julia> function do_something(x::Array{T}) where {T<:Real}

          intermediate_thing = Array{T}(undef,(3,4))
              intermediate_thing[1,1] = 3.0

         return(intermediate_thing[1,1] * x)[1]
      end
do_something (generic function with 1 method)

julia> ForwardDiff.gradient(x -> do_something(x), [2])
1-element Array{Int64,1}:
3

julia> ForwardDiff.gradient(x -> do_something(x), [4])
1-element Array{Int64,1}:
3

Now notice when I change from T<:Real to T<:Float64 the ForwardDiff call will fail

julia> function do_something_2(x::Array{T}) where {T<:Float64}

           intermediate_thing = Array{T}(undef,(3,4))
               intermediate_thing[1,1] = 3.0

          return(intermediate_thing[1,1] * x)[1]
       end
do_something_2 (generic function with 1 method)

julia> ForwardDiff.gradient(x -> do_something_2(x), [4.0])
ERROR: MethodError: no method matching do_something_2(::Array{ForwardDiff.Dual{ForwardDiff.Tag{var"#509#510",Float64},Float64,1},1})

julia> ForwardDiff.gradient(x -> do_something(x), [4.0])
1-element Array{Float64,1}:
 3.0

And, this failure occurs because

julia> ForwardDiff.Dual{ForwardDiff.Tag{var"#509#510",Float64},Float64,1} <: Real
true

julia> ForwardDiff.Dual{ForwardDiff.Tag{var"#509#510",Float64},Float64,1} <: Float64
false

So, you need the array type to be no smaller (in terms of subsets) than Real

1 Like

The code’s logic is to have a high-level function where this array is pre-allocated, and then will be re-used in place many times by some internal functions, a bit like the example below,

function update_matrix!(m)

  x = [1.2, 3.4]
  m[1,1] = exp(1im*x[1]) + sin(x[2])
  m[2,1] = exp(1im*x[2]) + sin(x[2])
  m[1,2] = exp(1im*x[1]) + sin(x[1])
  m[2,2] = exp(1im*x[2]) + sin(x[1])

end

function high_level(a::Int, x::Real)

  m = Matrix{Complex{Real}}(undef, 2,2)

  for i in 1:a
    update_matrix!(m)
  end

  return(real(m[1,1])*x)
end

high_level(2,1.5)

So in a sense the high-level function has little idea of what the type of m should be, as it’s left to the update_matrix function to deal with it.

I could obviously refactor the code and have everything in a monolithic function, but it’s much nicer with the current structure (and I’ve seen a few viable options already in this thread to pre-allocate m – in fact I think this example is just fine now, with m = Matrix{Complex{typeof(x)}}(undef, 2,2) and I probably don’t need something more general than that).

I think I get it more or less, but how would I pass the type in practice? (the code below fails)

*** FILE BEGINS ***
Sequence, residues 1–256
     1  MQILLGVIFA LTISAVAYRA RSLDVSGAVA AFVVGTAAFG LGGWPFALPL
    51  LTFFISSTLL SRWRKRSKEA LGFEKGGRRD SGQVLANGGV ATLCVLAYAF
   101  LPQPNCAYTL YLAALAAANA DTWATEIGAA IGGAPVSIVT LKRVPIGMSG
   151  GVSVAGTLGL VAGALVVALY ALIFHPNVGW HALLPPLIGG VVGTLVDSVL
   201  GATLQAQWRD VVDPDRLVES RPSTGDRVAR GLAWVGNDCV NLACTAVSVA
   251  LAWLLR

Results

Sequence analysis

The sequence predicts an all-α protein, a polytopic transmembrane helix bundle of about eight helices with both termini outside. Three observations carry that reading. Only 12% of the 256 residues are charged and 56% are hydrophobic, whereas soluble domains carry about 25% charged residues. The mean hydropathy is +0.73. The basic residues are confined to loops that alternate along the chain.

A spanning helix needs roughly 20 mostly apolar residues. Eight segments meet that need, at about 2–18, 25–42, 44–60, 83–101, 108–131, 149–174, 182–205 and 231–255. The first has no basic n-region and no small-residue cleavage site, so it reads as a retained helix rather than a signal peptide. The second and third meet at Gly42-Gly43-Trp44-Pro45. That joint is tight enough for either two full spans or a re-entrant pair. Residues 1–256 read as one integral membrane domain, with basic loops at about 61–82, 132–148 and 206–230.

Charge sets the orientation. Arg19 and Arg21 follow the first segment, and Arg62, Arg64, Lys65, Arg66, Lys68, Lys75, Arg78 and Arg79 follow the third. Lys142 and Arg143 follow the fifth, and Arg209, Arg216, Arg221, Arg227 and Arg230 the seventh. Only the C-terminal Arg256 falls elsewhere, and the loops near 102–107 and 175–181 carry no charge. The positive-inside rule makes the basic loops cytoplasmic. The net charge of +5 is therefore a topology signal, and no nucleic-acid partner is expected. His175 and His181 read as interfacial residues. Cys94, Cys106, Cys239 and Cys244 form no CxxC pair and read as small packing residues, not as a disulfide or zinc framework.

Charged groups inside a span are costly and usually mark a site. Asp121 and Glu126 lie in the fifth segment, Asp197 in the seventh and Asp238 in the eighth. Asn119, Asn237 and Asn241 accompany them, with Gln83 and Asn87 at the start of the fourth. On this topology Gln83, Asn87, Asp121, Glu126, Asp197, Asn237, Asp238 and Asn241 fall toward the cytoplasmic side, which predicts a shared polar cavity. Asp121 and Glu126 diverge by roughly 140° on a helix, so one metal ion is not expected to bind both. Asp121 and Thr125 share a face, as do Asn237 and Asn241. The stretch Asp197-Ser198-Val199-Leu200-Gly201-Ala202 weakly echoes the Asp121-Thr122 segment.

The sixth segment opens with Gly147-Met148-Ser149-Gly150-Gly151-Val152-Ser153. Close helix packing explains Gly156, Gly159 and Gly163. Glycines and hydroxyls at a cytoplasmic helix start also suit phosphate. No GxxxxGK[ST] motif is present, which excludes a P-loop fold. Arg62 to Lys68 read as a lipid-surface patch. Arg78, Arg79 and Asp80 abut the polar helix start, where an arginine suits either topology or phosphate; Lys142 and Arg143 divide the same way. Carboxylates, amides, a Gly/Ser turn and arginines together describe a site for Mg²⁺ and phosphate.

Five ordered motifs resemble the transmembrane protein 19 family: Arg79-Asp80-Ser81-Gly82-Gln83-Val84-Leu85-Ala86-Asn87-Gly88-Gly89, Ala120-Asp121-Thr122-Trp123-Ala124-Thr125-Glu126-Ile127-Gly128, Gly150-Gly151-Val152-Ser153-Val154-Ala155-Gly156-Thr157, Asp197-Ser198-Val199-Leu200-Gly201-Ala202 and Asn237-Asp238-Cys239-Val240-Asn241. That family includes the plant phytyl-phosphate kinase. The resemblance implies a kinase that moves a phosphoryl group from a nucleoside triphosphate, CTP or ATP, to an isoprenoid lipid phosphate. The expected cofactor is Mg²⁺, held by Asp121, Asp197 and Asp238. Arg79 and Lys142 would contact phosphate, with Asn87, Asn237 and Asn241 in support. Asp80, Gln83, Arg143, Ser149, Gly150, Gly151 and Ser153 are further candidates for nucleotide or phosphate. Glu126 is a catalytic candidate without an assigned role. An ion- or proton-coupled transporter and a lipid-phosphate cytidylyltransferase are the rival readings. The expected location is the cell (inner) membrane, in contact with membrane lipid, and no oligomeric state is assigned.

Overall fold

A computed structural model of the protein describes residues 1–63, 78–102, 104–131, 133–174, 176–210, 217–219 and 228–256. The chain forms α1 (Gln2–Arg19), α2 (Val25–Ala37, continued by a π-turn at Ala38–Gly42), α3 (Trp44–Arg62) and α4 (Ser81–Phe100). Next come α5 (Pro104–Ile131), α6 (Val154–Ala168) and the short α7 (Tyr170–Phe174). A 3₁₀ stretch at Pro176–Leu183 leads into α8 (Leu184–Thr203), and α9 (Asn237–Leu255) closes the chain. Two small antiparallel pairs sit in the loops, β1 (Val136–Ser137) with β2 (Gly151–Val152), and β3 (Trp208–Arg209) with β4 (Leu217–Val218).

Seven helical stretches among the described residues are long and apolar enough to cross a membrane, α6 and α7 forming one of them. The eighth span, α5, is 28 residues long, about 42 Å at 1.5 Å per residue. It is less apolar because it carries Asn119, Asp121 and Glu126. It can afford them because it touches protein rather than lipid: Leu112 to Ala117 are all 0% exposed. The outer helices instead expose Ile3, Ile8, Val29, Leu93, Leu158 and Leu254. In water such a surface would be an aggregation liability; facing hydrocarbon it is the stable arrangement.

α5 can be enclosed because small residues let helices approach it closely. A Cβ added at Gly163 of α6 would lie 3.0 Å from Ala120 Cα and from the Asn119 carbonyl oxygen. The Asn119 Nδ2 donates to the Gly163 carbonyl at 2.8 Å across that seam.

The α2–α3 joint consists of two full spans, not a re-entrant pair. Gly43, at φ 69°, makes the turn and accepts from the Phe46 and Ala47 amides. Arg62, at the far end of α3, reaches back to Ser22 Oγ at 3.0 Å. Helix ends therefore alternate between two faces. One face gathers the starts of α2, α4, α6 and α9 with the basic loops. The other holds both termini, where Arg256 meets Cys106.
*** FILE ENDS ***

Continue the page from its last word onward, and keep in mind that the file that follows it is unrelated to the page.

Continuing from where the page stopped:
# function do_something(x::Int, T) where {T<:Real} # fails
function do_something(x::Int, y::T) where {T<:Real} 

  
    intermediate_thing = Array{T}(undef,(3,4))

    intermediate_thing[1,1] = 3.0
    
   return(intermediate_thing[1,1] * x)
end

do_something(1.2, Float16) # also fails

You need to pass an instance (or, example) of a type, so in this case any real number would work like so

function do_something_3(x::Int, y::T) where {T<:Real} 

  
    intermediate_thing = Array{T}(undef,(3,4))

    intermediate_thing[1,1] = 3.0
    
   return(intermediate_thing[1,1] * x)
end

julia> do_something_3(1, 1.2)
3.0

Also, note you’re making another mistake when you write do_something(1.2, Float16). The argument x in do_something(x, y) needs to be an integer and not a float. For example, this fails (notice the stacktrace)

julia> do_something_3(1.0, 1.2)

ERROR: MethodError: no method matching do_something_3(::Float64, ::Float64)

Closest candidates are:
  do_something_3(::Int64, ::T) where T<:Real at REPL[293]:1

but this doesn’t

julia> do_something_3(1, 1.2)
3.0

Ah OK, thanks (and the 1.2 was a typo from copy-paste). I see how this can work but I’ll probably try to stick to the other solution (inferring the type from other variables) because I prefer not to have dummy variables in the function signature, especially for a high-level function (that would confuse other users of my code who shouldn’t need to worry about implementation details).

You don’t need a function signature in any of these cases, btw. You can leave the function completely unsigned. You can check by removing all the function signatures in the examples I gave.

One of the beauties of Julia is that you can write completely generic code, and signing functions like we did doesn’t necessarily help with speed (but can sometimes help in figuring out errors like we did or can help catch mistakes during compile time). I personally find it helpful to remember what the type of each argument is, but it’s a style thing.

@baptnz But I don’t understand why you call it a “dummy” type. You will be passing x anyway, so you don’t have to create an extra argument just to pass an instance of a type (in case that’s your worry). I did give an example of this above too.

julia> function do_something(x::Array{T}) where {T<:Real}

          intermediate_thing = Array{T}(undef,(3,4))
              intermediate_thing[1,1] = 3.0

         return(intermediate_thing[1,1] * x)[1]
      end
do_something (generic function with 1 method)

julia> ForwardDiff.gradient(x -> do_something(x), [2])
1-element Array{Int64,1}:
3

This isn’t correct. You don’t need to pass an “example” of a type if all you want is the type itself:

julia> function foo(::Type{T}) where {T}
        return Matrix{T}(undef, 2, 2)
      end
foo (generic function with 1 method)

julia> foo(Int)
2×2 Matrix{Int64}:
0  0
0  0

julia> foo(Float64)
2×2 Matrix{Float64}:
0.0  0.0
0.0  0.0

That actually looks great. The compiler should do a good job of figuring out what Complex{typeof(x)} means, and you should end up with code that runs efficiently.

This is the point I was trying to get across about where your data comes from. In your case, you know that the element type will be the complex version of the type of x, so Complex{typeof(x)} solves the problem perfectly. In other cases you might know something like "the element type is some number which can hold the type of x or y", in which case you could do promote_type(typeof(x), typeof(y)) or even something like 'the element type is the result of dividing x by y, in which case you can do Base.promote_op(/, typeof(x), typeof(y)).

1 Like